In any event we will have to agree to disagree. Most of my pastors have been YEC and most of the elders I associate with are as well. However, there are enough of us among them as to make this an interesting discussion at times.

A.M. Mallett said...

Kevin, Roy,
Thanks for your comments. There is no doubt there are Godly men and women on both sides of this issue and until the trump sounds we will have to speculate as to all the answers.

Praise God and be blessed.

Steven Dill said...

Dear A.M. Mallet,

Young Earth creationists explain things by resorting to the idea of “Apparent Age”. This creates a problem when you look at the heavens.
The idea that God created all the stars, with their beams of light already in transit is an example of “Apparent Age”. (The universe is not billions of years old; God only made it appear that old by creating all the stars and all their beams of light on the same day 6,000 years ago.) This seems like a reasonable explanation for how starlight could reach the earth without the universe needing to be billions of years old. However, this does not explain supernovae.
In 1987 astronomers witnessed the explosion of a star in the Large Magellanic Cloud 150,000 light-years from earth. (This is actually close enough to earth so that the distance to the star could be determined by direct parallax measurement without relying on an assumed calculated-distance based on Red-Shift.) Now, if God had created that star (and its beam of light to earth) 6,000 years ago and made that star explode on the very day it was created, it would take 150,000 years before we could see the explosion. This means we earthlings would not see the explosion for another 144,000 years. Yet, we saw it in 1987.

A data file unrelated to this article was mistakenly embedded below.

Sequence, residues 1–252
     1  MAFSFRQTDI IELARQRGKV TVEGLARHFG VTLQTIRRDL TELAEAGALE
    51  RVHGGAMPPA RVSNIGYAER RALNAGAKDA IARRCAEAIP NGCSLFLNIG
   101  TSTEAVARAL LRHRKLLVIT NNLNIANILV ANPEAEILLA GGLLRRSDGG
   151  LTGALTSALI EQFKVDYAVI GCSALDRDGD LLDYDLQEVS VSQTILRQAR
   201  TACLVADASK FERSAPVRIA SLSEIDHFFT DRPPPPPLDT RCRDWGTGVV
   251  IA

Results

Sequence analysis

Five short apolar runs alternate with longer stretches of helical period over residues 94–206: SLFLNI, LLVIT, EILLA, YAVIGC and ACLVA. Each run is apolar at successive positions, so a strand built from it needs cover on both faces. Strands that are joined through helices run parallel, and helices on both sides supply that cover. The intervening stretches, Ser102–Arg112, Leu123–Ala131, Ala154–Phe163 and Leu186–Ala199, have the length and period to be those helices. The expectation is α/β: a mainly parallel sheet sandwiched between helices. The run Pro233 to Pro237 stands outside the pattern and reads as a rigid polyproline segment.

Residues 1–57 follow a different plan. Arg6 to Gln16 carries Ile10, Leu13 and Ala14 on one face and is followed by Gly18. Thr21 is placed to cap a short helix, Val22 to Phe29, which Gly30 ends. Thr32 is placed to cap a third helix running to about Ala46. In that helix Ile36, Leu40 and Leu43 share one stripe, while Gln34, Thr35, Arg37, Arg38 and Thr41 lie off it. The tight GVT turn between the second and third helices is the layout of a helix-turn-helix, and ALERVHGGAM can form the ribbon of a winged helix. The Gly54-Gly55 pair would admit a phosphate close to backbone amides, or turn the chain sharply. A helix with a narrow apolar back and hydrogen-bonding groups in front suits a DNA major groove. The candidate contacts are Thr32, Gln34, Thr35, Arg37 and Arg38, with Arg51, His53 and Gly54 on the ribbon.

How can Young Earth creationists explain this? They have to assume that God really didn’t create that star 150,000 light-years away; He only created the appearance of a star 150,000 light-years away. Plus He never really made that star explode; He only created the appearance of it exploding. That star was never really in the Large Magellanic Cloud and the explosion never really happened. Both the star and its explosion were only illusions God created for the purpose of making it APPEAR as if there was a star in the Large Magellanic Cloud 150,000 light years away that exploded 150, 000 years ago. Again, if there really was a star in that location, and if it really did explode, we wouldn’t see the explosion for another 144,000 years. If Young Earth creationists are correct, then the farthest away we could actually see a supernova would be 6,000 light-years. In fact, we have seen supernovae of stars millions of light-years away. God has apparently been creating the appearance of stars that never existed and explosions that never happened. The heavens reveal things that were never there and events that never happened.
If the universe is not billions of years old, then the heavens reveal that God is a God of deception. In short, we can’t trust what we see with our eyes because our Creator has been fooling us. We can’t trust what God has revealed about the cosmos. What kind of problem does this create for those of us who try to share the message of the Gospel of Jesus Christ with unbelievers?

The fact that we can see supernovae millions of light-years away seems to point to two obvious truths: 1) The universe was created billions of years ago. 2) The universe was already experiencing destructive events millions of years before Adam was created. These two things show that the Ruin-Restoration Theory (Gap Theory) provides the best explanation for creation.

For more Biblical and scientific evidence for the Gap Theory, check out my Webpage:

Steven Dill,

A.M. Mallett said...

I missed your reply on this thread. Thank you for your interesting comments

A.M. Mallett said...

I missed your reply on this thread. Thank you for your interesting comments